Madeira Mondays: ‘For I will consider my cat, Jeoffry’

‘(Christopher Smart’s) poem about his cat is to all other poems about cats what The Illiad is to all other poems on war.’ – TS Eliot

These days, lots of people post pictures of their pets online. We can see these pictures as little tributes, little celebrations of these animals – their cuteness, their ridiculous quirks, their personalities. Back in 18th century London, Christopher Smart, a ‘mad’ poet living in an insane asylum, wrote a tribute to his feline companion, an orange cat called Jeoffry, in the form a poem. The lines that he wrote about Jeoffry became some of the most famous words ever written about a cat in all of English literature, and over the ages, Jeoffry has become a bit of a literary celebrity.

Oliver Soden’s delightful little gem of a book Jeoffry, The Poet’s Cat: A Biography (2020) imagines the life of Jeoffry the cat himself and his misadventures in Georgian London.

That description might make it seem like this is a book for kids but it’s definitely not. We see ‘unsavory’ aspects of Georgian London, as Jeoffry spends his kitten-hood in a brothel in Covent Garden, cared for by a prostitute called Nancy, for instance. It’s very much for adult readers, and also unexpectedly deep and at times quite moving. It is at once a snapshot of 18th century London, a semi-biography of the poet Christopher Smart, and so much more.

I really loved reading it: it’s whimsically written throughout, with huge attention to period detail and simply beautiful language. Take this passage when we first meet our subject, Jeoffry:

…Jeoffry was born in his coat, a fuzz of carrot and ginger, with ripples of tawny stripes that ran down his back, from his ears to the tip of his tail, like a mackerel sky at sunset.

Each and every setting is vividly evoked, from the brothel, to the loud and chaotic city streets, to the asylum where Jeoffry eventually joins Smart. Although a lot of this story is, of course, invented (there’s an awful lot that is unknown about the life of Smart, much less his cat!), Soden manages to weave in real historical events seamlessly, such as bouts of disease in the city or raids on the brothels by local law enforcement. Sometimes invented ‘historical documents’ are even included, such as a diary entry from Jeoffry’s first owner, the prostitute Nancy. And I swear to you, I thought that diary entry was real! Soden captures the 18th century voice, language, tone of diary writing so perfectly – I was stunned and really, really impressed.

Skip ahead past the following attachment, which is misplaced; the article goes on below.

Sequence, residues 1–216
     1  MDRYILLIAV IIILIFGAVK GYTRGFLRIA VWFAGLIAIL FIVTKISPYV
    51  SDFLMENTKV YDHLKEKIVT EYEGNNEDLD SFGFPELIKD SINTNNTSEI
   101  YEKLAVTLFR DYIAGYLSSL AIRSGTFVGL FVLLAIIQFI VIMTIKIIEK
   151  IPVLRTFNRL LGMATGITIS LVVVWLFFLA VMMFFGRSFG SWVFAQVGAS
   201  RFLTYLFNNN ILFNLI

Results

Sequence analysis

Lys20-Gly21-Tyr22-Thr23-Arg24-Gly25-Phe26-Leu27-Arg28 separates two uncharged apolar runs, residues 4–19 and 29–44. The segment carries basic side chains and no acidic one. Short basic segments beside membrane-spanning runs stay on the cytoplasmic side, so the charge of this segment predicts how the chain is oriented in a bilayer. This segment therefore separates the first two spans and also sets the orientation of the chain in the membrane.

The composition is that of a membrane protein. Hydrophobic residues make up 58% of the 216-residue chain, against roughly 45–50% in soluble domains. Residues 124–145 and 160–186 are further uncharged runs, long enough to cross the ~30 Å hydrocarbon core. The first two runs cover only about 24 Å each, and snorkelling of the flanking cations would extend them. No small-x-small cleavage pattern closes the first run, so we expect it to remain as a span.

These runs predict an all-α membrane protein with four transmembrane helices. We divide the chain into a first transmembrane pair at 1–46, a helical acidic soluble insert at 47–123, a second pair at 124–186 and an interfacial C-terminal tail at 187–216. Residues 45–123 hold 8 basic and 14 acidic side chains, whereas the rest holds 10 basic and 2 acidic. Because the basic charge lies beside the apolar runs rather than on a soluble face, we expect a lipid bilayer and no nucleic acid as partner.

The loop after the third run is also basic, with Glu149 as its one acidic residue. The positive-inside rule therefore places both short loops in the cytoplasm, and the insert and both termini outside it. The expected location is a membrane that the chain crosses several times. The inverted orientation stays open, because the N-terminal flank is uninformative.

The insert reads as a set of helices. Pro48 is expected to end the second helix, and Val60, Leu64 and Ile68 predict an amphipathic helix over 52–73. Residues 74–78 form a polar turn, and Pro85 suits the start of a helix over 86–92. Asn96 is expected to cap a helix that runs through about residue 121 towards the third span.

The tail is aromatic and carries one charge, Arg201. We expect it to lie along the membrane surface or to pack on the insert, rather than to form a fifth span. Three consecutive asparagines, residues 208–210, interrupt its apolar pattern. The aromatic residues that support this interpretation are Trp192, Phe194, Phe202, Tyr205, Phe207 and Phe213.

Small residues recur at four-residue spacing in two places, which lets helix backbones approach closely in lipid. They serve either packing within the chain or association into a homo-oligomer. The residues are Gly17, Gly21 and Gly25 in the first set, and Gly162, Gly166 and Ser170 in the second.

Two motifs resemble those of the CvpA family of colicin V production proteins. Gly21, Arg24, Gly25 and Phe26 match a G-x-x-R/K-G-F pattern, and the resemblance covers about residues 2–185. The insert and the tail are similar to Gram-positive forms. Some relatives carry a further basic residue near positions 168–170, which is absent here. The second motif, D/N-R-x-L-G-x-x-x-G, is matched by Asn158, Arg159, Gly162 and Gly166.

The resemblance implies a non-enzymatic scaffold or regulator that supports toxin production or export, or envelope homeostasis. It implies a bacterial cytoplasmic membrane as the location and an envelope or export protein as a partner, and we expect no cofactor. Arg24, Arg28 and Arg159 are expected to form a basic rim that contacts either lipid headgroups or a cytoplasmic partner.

My only main ‘fault’ in the book is that it peters out a bit towards the end. Mild spoilers ahoy for the rest of this paragraph! The book follows Jeoffry all the way throughout his life and while I’m sure Soden didn’t want to get overly sentimental about it, I thought Jeoffry’s death and the last part of his life felt a bit rushed and under explored, whereas his years as a kitten traipsing around London were so vivid!

It’s such a fun premise – the biography of a cat – and it made me think immediately of Virginia Woolf’s book Flush, which is an imaginative biography of poet Elizabeth Barett Browning’s cocker spaniel. Obviously, Soden’s book was inspired by that one, and his acknowledges this in his notes at the end of the book.

This book probably isn’t for everyone, but, for the right person, it would make an absolutely magnificent read (or a gift). It’s a playful book and, like a cat, it can be both warm and a bit aloof. It’s also quirky, brimming with life and wit and historical details, and it’s obvious that this author LOVES cat. And since I’m someone who similarly has a great appreciation for the 18th century, and poetry, and cats…it was perfect for me. And actually very special for me to read since a couple of years ago an early draft of my poetry pamphlet Anastasia, Look in the Mirror was short-listed for The Christopher Smart Prize, which was a prize named after this poet! So I loved learning more about Smart and his world, through the eyes of none other than his cat.

Recommended Further Reading:

  • Jeoffry, The Poet’s Cat by Oliver Soden
  • This is the poem where Smart writes about Jeoffry. It’s several lines in a larger work called ‘Jubilate Agno’ and the part about Jeoffry starts with the lines: ‘For I will consider my Cat Jeoffry’
  • Virginia Woolf’s book Flush

PS Today’s Featured Image is from the 19th century, ‘Cat Concert’ by Emanuel Kratky

‘Madeira Mondays’ is a series of blog posts exploring 18th century history and historical fiction. Follow the blog for a new post every other Monday and thanks for reading!

2 thoughts on “Madeira Mondays: ‘For I will consider my cat, Jeoffry’

    • Carly Brown says:

      Cleo! Did she have some adventures before she came to you??

      I often wonder about the life of my mom’s dog Ruthie who lived on the streets for like 5 years before they adopted her. Apparently she had many puppies, but that’s all they know. What was her life like before, I wonder?

      Like

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